Experts are calling for urgent action to set up global vaccine factories to deal with a possible pandemic of bird flu.
The infection is spread by birds
So far, only small batches of vaccine against the H5N1 strain of bird, or avian, flu have been produced.
But Dr Klaus Stohr of the World Health Organization says this is nowhere near enough.
The warnings follow reports this week of a possible case of human-to-human transmission of the virus.
Prior to that, all other confirmed cases of the infection in humans had been caught from birds.
Altogether, Thailand has reported 15 cases of avian flu in humans, of which 10 have proved fatal, since January of this year.
Dr Stohr, head of the WHO's global influenza programme, said this was the possible beginning of global spread of the virus.
"The situation in Asia is very concerning," he told BBC Radio 4's Today programme.
"We have an avian influenza virus which is very widespread but which has not yet, fortunately, transmitted easily, rapidly and for a long period of time between humans.
"But the capacity is there and we have a chance now to prepare for it.
"It would be foolish to sit and lean back and wait for it to happen."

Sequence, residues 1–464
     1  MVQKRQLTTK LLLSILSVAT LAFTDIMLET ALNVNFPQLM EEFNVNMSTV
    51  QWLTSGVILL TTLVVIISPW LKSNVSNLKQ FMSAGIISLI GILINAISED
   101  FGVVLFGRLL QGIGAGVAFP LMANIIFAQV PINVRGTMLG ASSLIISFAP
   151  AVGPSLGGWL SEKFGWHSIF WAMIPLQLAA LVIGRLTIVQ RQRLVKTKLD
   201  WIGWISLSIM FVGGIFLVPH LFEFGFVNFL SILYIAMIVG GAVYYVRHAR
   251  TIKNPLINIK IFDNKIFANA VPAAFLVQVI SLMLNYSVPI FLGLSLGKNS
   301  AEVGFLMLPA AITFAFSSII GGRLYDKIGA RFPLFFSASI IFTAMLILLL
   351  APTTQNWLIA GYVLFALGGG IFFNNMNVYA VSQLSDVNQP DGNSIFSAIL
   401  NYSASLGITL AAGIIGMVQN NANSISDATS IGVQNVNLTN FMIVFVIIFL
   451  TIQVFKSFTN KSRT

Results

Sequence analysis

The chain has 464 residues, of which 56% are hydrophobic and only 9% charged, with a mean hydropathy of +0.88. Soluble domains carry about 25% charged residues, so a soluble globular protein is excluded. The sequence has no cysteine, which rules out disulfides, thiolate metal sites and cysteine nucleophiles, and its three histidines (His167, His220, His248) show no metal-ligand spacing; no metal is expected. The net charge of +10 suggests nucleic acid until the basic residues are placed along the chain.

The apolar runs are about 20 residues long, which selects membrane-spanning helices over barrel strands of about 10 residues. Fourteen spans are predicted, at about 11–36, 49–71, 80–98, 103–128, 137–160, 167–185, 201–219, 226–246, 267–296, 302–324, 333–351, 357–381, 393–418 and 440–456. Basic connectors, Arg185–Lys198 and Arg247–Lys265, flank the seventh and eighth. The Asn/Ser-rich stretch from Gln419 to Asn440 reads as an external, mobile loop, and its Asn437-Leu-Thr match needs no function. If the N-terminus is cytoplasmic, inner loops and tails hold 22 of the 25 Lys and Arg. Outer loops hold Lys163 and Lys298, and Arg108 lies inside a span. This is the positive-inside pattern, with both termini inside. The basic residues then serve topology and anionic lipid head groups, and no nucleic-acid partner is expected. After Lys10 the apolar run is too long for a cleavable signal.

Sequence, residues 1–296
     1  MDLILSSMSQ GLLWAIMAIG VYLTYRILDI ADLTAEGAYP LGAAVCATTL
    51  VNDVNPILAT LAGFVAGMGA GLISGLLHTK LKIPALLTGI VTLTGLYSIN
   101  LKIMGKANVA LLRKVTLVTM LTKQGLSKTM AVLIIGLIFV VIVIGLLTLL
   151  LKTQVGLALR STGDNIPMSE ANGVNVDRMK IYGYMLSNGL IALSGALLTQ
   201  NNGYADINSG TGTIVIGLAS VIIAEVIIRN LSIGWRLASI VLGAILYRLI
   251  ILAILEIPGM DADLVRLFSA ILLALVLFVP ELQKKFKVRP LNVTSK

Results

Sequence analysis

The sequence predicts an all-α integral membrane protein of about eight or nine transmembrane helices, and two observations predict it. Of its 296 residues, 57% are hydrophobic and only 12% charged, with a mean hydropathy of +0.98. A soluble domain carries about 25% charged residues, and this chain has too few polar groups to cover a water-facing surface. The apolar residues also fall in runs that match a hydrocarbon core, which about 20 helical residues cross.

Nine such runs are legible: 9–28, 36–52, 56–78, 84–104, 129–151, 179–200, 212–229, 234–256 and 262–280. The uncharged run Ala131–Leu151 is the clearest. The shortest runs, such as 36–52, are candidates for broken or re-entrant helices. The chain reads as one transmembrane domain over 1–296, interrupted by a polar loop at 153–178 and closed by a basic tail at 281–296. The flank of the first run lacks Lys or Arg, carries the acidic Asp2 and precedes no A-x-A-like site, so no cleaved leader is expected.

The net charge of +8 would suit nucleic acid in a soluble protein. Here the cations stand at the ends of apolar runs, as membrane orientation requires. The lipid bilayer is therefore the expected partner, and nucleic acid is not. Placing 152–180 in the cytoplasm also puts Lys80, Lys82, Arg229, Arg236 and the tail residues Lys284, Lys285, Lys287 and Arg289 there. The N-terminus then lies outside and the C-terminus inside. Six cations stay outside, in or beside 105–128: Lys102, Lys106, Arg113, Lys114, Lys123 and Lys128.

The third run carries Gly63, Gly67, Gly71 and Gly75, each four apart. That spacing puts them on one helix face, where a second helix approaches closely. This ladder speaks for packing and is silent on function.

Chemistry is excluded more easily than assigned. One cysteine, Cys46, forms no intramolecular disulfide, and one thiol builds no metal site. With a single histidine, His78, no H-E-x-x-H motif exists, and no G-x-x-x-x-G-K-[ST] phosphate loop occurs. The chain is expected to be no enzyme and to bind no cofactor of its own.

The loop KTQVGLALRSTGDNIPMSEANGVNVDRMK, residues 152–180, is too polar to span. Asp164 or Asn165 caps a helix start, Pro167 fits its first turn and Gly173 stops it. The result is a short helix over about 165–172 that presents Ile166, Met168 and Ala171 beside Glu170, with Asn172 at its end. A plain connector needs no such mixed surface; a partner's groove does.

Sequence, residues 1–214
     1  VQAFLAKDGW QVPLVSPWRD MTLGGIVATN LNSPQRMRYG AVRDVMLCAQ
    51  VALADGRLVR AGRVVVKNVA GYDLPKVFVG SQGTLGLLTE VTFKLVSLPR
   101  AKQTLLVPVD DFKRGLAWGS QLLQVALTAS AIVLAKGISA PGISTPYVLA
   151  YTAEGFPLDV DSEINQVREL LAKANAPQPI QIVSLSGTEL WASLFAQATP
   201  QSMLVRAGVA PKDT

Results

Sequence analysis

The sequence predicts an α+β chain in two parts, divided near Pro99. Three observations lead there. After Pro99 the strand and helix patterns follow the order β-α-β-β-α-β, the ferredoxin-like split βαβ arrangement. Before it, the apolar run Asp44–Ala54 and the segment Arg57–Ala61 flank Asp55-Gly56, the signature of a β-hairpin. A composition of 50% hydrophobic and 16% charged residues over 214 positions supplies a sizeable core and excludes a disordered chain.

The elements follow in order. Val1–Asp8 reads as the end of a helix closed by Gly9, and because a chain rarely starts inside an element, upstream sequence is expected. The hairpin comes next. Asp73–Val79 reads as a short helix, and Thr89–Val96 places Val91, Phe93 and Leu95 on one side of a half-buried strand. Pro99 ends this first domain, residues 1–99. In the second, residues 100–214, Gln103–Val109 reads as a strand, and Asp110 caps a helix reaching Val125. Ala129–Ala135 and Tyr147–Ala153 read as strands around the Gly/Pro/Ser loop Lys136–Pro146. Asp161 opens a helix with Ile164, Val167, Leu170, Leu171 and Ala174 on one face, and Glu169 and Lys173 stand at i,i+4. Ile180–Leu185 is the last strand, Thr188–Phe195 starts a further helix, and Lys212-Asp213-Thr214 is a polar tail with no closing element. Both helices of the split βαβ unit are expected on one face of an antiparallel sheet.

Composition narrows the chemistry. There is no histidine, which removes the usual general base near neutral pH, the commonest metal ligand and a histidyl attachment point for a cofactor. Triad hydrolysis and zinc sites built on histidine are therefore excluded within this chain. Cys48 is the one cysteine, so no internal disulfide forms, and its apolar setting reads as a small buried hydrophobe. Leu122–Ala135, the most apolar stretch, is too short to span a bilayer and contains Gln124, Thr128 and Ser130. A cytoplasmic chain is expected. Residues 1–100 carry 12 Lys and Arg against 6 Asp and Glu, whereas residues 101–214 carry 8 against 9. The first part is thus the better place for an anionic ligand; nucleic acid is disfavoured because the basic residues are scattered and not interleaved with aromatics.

Scale up production
He urged countries to act now to develop vaccines against the virus.
"It took two months for the WHO to develop the prototype strain to give it to companies.
"And now five months have already passed and only two companies have invested into the development of small clinical trial ventures.
"We are still months down the road before any large scale production could start."
He said about 300 million doses of the vaccine could be produced globally using current facilities.
If a pandemic were to occur he said 2.5-3 billion doses would be needed.
Earlier this week, the UN Food and Agriculture Organization (FAO) and the World Organization for Animal Health (OIE) said bird flu was a permanent threat to animal and human health that continued to exist.
They too urged governments to take more action.